Examples of such adhesives are Avery K-6 and K-7 adhesives manufactured by Avery Label Company and marketed under the trademark KUM KLEEN. These adhesives are effective between -35° F. and +110° F., are non-hygroscopic, have suitable peel strengths and superior adhesive transfer properties and therefore may be employed as the adhesive film in the present invention.
Separator sheet or liner 18, shown partially separated from the mat member in FIG. 1, is provided to cover the adhesive film prior to use of the floor mat. The liner presents a slick surface to the adhesive film and is thus easily peeled off as the floor mat is applied to a surface. It is also possible to imprint various indicia such as pictures, images, logos, instructions for use and other useful information as indicated at 22 on the liner or to the upper surface of the mat member. The liner may be disposed of after removal from the floor mat. The adhesive film may be co-extensive with the mat member or applied to only a portion of the under side of the mat member such as along the edges thereof. In that case, the liner may be sized and shaped or divided into several discrete portions so as to cover only those portions of the mat member to which the adhesive film has been applied.
As shown in FIG. 3, the mat member is applied to surface 20 in a water-filled environment, which may be the bottom surface of a bathtub, as liner 18 is peeled back to expose the adhesive film and secure the mat member. Even after extended use under the conditions herein described, the mat member may be peeled from the surface without leaving a residue of the adhesive film. The floor mat of this invention is easily and quickly applied to or removed from the desired surface and is constructed in an inexpensive manner so that the mat may be disposed of after a few uses or a single use. Thus, the accumulation of debris and the sanitation problems associated with conventional designs are completely eliminated while providing a safe surface for the user in a water-filled environment.
FIG. 4 shows an alternate embodiment of the floor mat in which in place of or in addition to the embossing of upper surface 14' of mat member 12', a resin or like adhesive is impregnated into the mat member as illustrated at 24. The resin content of the mat member is sufficient to releaseably grip a human body part in contact therewith without pulling the mat member from the surface in the water-filled environment.
FIG. 5 illustrates another alternative embodiment 10" of the floor mat in which in place of or in addition to the embossing of upper surface 14" of mat member 12", a plurality of openings 26 are formed in the mat member so as to expose portions of adhesive film 16. The exposed portions of the adhesive film are sufficient to releaseably grip a human body part placed in contact with the mat member without pulling the mat member from the surface in the water-filled environment. The size, shape, location or pattern of the openings in the mat member may be varied as is found functionally or aethetically desireable. One or more additional disposable liners or separator sheets (not shown) may be provided on the upper surface of the mat members to protect the exposed portions of the adhesive film in the various openings. These of course, and which are removed when the floor mat is applied to a surface in a water-filled environment.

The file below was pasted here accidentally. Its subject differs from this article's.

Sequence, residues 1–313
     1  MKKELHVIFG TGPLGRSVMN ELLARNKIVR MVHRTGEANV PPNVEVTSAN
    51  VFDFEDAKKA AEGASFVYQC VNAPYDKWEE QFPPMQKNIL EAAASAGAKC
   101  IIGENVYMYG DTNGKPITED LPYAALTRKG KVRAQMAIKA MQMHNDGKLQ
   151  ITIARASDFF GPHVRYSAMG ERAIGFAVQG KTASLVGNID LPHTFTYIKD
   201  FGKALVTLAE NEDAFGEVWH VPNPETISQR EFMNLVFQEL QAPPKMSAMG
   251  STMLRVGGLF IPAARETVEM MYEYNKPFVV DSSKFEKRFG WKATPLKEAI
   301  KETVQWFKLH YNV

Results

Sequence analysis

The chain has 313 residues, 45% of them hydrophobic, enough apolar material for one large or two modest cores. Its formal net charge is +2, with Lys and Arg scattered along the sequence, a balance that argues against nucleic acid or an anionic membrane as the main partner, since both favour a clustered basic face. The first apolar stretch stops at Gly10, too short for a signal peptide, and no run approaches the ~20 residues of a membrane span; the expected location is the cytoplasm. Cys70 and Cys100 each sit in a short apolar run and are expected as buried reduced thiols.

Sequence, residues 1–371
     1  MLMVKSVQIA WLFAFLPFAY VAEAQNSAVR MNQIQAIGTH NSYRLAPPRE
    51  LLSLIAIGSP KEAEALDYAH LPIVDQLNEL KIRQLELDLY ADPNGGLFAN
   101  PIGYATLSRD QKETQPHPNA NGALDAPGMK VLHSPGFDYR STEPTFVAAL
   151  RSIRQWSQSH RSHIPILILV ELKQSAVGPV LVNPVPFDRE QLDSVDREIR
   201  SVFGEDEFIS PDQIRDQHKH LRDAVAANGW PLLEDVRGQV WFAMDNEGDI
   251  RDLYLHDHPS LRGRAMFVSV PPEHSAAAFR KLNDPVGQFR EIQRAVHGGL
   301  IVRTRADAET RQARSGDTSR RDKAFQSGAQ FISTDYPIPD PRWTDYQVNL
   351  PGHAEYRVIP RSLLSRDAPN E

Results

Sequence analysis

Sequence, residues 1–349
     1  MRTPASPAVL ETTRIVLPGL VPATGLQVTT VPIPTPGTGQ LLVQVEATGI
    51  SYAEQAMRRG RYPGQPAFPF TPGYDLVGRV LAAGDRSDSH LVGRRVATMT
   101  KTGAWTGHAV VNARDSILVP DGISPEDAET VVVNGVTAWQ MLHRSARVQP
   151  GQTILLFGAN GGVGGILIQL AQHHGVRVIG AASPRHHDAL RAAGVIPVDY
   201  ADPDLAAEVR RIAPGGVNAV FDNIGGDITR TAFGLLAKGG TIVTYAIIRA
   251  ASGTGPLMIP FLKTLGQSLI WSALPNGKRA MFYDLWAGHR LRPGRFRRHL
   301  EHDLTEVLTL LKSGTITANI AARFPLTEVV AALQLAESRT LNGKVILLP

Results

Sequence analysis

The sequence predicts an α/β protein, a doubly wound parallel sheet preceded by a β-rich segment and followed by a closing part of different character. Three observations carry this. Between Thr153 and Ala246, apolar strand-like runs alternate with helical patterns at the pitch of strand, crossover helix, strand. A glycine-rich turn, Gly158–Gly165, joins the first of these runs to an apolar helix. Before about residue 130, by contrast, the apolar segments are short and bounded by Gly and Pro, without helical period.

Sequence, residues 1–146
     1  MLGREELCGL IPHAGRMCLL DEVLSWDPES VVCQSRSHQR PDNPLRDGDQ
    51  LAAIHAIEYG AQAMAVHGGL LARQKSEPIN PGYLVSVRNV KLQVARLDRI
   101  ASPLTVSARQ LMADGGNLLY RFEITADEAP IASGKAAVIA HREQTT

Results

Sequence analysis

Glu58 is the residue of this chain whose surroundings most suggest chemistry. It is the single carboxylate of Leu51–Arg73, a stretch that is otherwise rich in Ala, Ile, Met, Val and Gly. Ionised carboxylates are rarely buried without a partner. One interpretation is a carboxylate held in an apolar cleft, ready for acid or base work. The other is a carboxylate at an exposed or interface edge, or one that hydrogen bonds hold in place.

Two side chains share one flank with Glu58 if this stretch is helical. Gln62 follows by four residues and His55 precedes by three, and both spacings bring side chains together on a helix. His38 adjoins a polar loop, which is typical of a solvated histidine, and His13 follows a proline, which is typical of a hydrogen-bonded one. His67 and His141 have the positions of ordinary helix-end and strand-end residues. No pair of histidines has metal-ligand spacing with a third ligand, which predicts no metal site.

Although the invention has been disclosed with regard to particular and preferred embodiments, these are advanced for illustrative purposes only and are not intended to limit the scope of this invention. For instance, it may be possible to construct the mat member of this invention from a plastic sheet or other suitable materials rather than from paper. Further, although depicted as rectangular in the drawings, the floor mat of this invention may be shaped in any size shape or configuration found suitable in a particular situation, and may comprise multiple elongated strips laid on a surface in parallel rows in a water filled environment. Likewise, The term "surface" as used herein in connection with the location in which the mat of the invention is to be used is not limited to floors but includes steps, inclined ramps and any other surface in such an environment into which a human body part is brought in contact. These variations remain within the spirit and scope of the invention as defined by the appended claims.
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|U.S. Classification||4/583, 428/138, 428/79, D06/583, 428/187, 428/40.1|
|Cooperative Classification||A47K3/002, Y10T428/24736, Y10T428/14, Y10T428/24331|
|Jun 2, 1987||CC||Certificate of correction|
|Sep 4, 1990||SULP||Surcharge for late payment|
|Sep 4, 1990||FPAY||Fee payment|
Year of fee payment: 4
|Aug 15, 1994||FPAY||Fee payment|
Year of fee payment: 8
|Sep 15, 1998||REMI||Maintenance fee reminder mailed|
|Feb 21, 1999||LAPS||Lapse for failure to pay maintenance fees|
|May 4, 1999||FP||Expired due to failure to pay maintenance fee|
Effective date: 19990224